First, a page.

Dreams, Metaphors and Music Theory

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Another of those illustrations that only make sense towards the end of the postAnother of those illustrations that only make sense towards the end of the postDo you ever dream about music theory?

I have a feeling people are going to give me those looks about this post. Never mind, I'm used to it... Anyway, it's my blog and I can post about the random stuff that happens in my head - that's part of the deal. At least this is on topic in its way.

The dreams we remember are the ones that capture our imaginations enough on waking for us to rehearse them over in our minds to fix the memories. Mostly when I wake, I find I do not understand in the slightest what has been going on in my head, and those dreams disappear back into the gloop they arose from. But some have enough internal logic to hold onto, and I find them entertaining, sometimes even illuminating.

For instance, when I was an undergraduate, I had been reading a lot about the Second Viennese School, and dreamt that I was walking with friends to a rehearsal, but because of the lack of gravity, we all had to wear fishbowls over our heads or we wouldn't be able to breathe. On waking, I realised my brain had conflated the metaphor of tonality as gravitational pull with the words set in Schoenberg's 2nd String Quartet ('I feel the air of another planet') to produce a scene of a cartoon moon landing in the corridors of the University of Bristol.

The reason I've been thinking about this is because I've had a couple of music theory dreams in the last week that likewise entertained me.

The first was a synaesthesia dream that hinged round the way the chords of E minor and E flat major pivot around the note G, which explains the way they each have a colour blue that is soft and cool (though E minor, obviously, is darker). Both blues are quite, quite different from the bright, clear blue of E major. For some reason, this quality of blueness was also associated with the 'e' sound in the word 'Methodism'. (No, I don't get what this bit is doing there either, but there was a forbidding looking 19th-century stone chapel involved.)

I found this interesting, because I have carried my internal colourscape for harmonies as long as I have been aware of chords. And I have always enjoyed playing around with tonally distant chords with a common note. But I had not previously noticed these systematic relationships between chords and colours highlighted by my dream. Now I reflect on it, I realise that the reds of A minor, A flat major and A major exist in a similar relationship: the first two (with the common third) softer and cooler, with A minor the darker of the two, and A major brighter and clearer. And similar stuff going on with browny/bronzy/goldy colours about D, and yellows around F.

The second dream was much more normal in that it featured people doing only moderately incomprehensible things. Part of it involved queuing up to pour a very tiny glass of water and getting into a conversation about Schenker. The feature that stayed with me was a very clear articulation of the sense that the written score is but a moment in the generative process that starts with the primordial resonance of the Klang and progresses with increasing complexity through the 'finished piece' as presented on paper and into the ornamentations added in performance.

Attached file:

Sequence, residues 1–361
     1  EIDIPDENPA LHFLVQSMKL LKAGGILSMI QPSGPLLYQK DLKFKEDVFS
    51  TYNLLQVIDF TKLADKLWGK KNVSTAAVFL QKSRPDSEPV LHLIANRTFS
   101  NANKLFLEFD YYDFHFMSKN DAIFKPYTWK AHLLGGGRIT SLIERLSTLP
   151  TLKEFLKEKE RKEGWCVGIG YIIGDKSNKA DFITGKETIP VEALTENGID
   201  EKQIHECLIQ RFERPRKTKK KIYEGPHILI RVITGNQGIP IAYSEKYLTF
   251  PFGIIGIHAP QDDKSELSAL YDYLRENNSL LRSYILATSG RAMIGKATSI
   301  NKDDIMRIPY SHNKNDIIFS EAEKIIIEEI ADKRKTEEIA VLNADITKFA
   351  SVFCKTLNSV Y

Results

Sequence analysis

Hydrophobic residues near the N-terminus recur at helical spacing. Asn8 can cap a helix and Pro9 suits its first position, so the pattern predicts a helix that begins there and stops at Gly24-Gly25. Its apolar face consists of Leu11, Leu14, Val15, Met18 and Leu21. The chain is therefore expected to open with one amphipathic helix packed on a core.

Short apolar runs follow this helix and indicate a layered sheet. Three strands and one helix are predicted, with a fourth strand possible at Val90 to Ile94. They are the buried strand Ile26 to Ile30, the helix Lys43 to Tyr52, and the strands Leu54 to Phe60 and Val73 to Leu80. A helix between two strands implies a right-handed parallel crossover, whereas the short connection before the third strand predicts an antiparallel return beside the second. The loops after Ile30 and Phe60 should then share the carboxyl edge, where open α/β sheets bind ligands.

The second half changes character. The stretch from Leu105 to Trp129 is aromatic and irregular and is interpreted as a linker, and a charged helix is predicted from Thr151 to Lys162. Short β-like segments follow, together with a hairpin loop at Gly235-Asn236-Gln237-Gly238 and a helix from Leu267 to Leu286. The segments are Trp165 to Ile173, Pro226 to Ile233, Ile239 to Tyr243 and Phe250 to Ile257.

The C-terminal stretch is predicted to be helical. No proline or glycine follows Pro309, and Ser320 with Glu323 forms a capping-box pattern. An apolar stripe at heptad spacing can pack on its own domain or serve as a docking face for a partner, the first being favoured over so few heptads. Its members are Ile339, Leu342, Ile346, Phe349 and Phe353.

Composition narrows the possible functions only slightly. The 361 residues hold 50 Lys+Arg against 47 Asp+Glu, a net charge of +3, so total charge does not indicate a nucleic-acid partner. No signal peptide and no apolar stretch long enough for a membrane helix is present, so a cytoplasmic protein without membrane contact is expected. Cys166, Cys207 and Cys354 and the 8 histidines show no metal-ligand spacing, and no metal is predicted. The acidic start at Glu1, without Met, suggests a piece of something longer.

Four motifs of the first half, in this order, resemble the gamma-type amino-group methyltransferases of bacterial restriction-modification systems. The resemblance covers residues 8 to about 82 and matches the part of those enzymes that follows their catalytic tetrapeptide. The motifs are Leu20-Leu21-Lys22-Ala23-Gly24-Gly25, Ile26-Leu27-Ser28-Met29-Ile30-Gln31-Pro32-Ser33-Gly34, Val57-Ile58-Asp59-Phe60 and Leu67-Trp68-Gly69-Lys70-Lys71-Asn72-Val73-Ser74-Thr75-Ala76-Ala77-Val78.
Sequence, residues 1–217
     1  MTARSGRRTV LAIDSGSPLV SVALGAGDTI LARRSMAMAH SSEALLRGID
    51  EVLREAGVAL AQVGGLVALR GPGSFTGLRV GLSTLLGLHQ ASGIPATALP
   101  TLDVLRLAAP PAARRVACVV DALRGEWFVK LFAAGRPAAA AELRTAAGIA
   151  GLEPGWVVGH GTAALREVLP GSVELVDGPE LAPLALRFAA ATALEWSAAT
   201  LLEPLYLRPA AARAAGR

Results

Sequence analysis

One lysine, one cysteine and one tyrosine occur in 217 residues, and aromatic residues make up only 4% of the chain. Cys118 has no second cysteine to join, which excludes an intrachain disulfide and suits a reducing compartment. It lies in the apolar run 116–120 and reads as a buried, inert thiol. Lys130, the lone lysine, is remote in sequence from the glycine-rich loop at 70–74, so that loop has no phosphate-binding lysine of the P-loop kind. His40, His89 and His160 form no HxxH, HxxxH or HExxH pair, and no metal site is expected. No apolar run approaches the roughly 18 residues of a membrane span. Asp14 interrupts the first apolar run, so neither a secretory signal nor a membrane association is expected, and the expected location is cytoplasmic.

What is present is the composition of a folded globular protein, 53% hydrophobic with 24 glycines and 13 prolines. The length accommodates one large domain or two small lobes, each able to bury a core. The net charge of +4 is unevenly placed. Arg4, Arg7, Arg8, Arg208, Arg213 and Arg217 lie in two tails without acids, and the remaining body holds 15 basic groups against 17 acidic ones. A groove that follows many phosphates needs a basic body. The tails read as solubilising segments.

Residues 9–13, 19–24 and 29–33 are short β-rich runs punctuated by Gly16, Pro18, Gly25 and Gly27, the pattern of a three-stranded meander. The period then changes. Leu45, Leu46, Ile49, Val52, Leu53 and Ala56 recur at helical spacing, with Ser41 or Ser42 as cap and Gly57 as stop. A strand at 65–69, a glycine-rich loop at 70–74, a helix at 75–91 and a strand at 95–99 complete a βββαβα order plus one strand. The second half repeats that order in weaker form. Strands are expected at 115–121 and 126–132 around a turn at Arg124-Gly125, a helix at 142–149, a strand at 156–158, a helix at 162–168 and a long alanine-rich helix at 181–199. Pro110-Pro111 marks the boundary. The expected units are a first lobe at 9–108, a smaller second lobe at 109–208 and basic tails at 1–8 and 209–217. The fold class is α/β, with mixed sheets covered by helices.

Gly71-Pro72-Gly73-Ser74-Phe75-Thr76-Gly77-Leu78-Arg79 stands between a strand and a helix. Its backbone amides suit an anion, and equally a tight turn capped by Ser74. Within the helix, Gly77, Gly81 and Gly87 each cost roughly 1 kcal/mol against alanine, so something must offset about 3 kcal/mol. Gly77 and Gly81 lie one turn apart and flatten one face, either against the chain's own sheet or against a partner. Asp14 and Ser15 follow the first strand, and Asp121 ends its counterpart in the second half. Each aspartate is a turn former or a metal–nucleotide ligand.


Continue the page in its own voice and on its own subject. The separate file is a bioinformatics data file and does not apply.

We tend to think of the notated layers of a Schenkerian graph as fundamentally separate from the further elaborations that a performer contributes. And not unreasonably so, inasmuch as there is separate of role (composer from performer) and of medium (paper versus sound). Though of course, for someone like Mozart, both the roles and the media were much more continuous - indeed the scores he wrote for himself to perform from did not always carry as much detail as those that were subsequently published, because he knew the kind of thing that needed elaborating.

The metaphor that always comes to mind for this is the way we think of the earth's solid and liquid layers as fundamentally different from the gaseous layers that continue outwards from the crust. But that is probably an idiosyncrasy of our perspective - we walk around on the crust, so we experience a radical difference between above and below. But from the perspective of describing the planet, they're just a lot of different layers made of different substances in different states that interact with neighbouring layers in limited ways.

Likewise, we give a particular importance to score of a composition because that's the 'product' that we identify, that we pick up and play, but that's only one perspective. From a listener's perspective, the twiddles and roulades and rubatos in performance are just as much part of the 'piece' as the written down bits.

The thing I liked about my dream was that this concept was really really clear and that I wasn't struggling to articulate it like I am here.

Right, that's enough self-indulgent nonsense for now. May I wish you all a productive and stimulating night's sleep.

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